-Ed

  20. jmp says:

    The scam is that Boone wants all of us to pay for an energy sourc (Wind) that is not the most reliable. If he wants to do it fine let him spend his own money. Last time I look the water seemed to flow more than the wind blows

  21. lee lee says:

    Mark:

    Ed may be a legend, but it’s not in his own mind it’s in the facts. Jealousy is not a pretty trait.

  22. Larry says:

    Just follow the money:

    Al Gore makes tons of money selling the bogus idea of global warming.

    Tons of folks make money selling the idea of peak oil (like Wirth).

    I respect Ed Wallace because he makes his money peddling information he believes to be true irrespective of whose ox is gored (Pun).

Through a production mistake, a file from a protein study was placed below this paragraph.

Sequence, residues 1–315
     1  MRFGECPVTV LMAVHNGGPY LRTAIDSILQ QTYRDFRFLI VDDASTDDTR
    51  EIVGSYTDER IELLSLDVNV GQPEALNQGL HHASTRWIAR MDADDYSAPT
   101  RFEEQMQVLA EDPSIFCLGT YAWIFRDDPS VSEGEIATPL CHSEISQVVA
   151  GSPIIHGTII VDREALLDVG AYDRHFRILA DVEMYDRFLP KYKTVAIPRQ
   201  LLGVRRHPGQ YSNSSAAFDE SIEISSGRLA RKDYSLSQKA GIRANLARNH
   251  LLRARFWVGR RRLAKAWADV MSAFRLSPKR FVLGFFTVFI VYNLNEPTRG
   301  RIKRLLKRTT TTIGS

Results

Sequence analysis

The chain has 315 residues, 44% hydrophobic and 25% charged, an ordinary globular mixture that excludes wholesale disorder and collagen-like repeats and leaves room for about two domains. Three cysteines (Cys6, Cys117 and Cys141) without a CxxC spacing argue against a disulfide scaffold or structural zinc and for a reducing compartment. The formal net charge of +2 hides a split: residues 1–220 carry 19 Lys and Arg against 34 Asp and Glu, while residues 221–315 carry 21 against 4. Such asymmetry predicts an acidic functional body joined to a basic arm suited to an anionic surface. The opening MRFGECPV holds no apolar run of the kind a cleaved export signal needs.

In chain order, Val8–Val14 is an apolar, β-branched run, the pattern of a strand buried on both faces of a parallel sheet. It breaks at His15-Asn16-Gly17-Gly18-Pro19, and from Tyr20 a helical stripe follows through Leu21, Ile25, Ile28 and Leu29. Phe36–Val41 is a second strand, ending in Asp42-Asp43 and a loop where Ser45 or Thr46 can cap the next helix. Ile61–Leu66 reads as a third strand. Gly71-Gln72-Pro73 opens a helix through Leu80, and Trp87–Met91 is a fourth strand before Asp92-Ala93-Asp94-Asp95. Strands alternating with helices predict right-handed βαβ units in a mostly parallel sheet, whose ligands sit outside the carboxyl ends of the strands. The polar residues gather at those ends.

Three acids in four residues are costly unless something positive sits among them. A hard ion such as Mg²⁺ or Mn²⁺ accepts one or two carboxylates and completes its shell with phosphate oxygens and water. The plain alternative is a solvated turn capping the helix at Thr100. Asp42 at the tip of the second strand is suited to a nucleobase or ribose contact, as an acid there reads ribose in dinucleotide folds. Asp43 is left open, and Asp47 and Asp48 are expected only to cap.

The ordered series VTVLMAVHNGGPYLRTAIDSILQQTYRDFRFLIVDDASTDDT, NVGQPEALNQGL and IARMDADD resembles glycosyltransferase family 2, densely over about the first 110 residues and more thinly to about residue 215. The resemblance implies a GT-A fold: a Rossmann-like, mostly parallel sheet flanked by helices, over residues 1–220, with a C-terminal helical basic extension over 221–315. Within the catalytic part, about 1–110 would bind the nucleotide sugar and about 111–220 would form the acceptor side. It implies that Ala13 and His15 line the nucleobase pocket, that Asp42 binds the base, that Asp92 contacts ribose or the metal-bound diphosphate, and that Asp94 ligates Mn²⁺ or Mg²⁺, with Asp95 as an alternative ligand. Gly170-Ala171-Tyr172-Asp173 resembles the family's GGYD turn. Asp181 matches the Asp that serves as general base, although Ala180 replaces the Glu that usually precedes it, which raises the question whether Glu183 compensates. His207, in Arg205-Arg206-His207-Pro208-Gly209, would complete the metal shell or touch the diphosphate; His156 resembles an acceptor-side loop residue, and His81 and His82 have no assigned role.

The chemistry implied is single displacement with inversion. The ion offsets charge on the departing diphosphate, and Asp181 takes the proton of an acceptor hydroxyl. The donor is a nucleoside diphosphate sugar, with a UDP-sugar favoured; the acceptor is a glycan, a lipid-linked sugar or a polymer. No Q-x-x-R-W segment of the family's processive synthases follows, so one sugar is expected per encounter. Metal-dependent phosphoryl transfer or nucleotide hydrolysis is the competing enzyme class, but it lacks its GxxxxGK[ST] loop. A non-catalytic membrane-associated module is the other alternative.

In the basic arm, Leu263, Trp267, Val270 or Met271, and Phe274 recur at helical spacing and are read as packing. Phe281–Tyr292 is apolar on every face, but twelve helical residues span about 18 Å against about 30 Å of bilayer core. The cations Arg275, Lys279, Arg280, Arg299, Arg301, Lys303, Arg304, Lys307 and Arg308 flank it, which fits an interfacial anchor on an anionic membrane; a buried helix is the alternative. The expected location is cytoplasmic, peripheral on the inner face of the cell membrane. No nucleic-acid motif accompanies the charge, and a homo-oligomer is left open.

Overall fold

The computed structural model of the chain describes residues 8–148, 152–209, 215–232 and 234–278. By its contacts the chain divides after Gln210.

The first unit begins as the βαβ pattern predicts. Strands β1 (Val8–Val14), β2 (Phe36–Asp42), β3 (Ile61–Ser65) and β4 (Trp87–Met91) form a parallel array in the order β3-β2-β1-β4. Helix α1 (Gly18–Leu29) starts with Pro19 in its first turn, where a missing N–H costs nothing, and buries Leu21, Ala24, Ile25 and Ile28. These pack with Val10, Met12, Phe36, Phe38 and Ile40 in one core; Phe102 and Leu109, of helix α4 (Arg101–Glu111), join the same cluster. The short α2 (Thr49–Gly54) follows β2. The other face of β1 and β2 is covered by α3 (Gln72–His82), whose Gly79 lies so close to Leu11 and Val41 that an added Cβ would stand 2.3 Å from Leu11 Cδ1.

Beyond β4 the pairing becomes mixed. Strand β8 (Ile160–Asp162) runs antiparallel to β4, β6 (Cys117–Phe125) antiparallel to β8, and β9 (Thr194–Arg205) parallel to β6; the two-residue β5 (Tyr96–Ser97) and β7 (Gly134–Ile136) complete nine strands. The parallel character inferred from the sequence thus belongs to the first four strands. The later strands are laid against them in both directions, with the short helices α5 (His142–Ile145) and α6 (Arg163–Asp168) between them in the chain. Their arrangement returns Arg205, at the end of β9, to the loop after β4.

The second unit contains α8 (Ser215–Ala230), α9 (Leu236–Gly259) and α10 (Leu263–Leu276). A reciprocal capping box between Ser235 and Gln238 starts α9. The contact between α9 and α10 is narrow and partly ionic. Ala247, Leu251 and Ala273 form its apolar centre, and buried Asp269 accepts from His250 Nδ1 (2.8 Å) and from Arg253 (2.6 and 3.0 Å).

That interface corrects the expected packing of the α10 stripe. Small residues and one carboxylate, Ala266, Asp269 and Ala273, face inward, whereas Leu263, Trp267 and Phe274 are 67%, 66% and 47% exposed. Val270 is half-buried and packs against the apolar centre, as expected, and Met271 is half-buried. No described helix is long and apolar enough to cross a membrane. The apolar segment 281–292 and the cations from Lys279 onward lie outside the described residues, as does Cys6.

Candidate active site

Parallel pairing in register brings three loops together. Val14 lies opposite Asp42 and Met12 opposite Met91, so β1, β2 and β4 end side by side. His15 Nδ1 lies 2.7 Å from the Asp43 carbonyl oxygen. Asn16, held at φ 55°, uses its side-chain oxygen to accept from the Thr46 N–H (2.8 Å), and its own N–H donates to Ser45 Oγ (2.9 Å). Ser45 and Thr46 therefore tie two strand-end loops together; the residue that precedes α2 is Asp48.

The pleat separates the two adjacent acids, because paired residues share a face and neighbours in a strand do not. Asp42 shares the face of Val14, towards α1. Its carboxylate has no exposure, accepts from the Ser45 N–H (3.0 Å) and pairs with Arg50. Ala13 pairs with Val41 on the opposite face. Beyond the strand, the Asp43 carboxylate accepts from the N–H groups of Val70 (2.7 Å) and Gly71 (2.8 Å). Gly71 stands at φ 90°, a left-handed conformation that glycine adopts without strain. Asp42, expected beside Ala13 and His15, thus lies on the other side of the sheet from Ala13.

And he backs up his information with quality research and critical thinking.

    That said, I don’t buy peak oil for the hear future. I DO buy peak CHEAP oil. At some point, we will have to mine shale oil and increase tar sand production and that will cost serious money.

    Our economy is based on cheap energy. Count on a lower standard of living as energy gets ever more expensive. Make sure your kids get a quality education and learn the meaning of hard work; handouts will dry up as the tax base shrinks.

    Tons of folks will be growing victory gardens instead of grass.

  23. HI ED,

    Yes, I am a walking conflict of interest. But I knew about Peak Oil at age 10, and then taught about it for years, and then was terrified when I realized it was really here.

    I was terrified before I put my website together, and I don’t make any money from Peak Oil Associates, rather I loose a lot.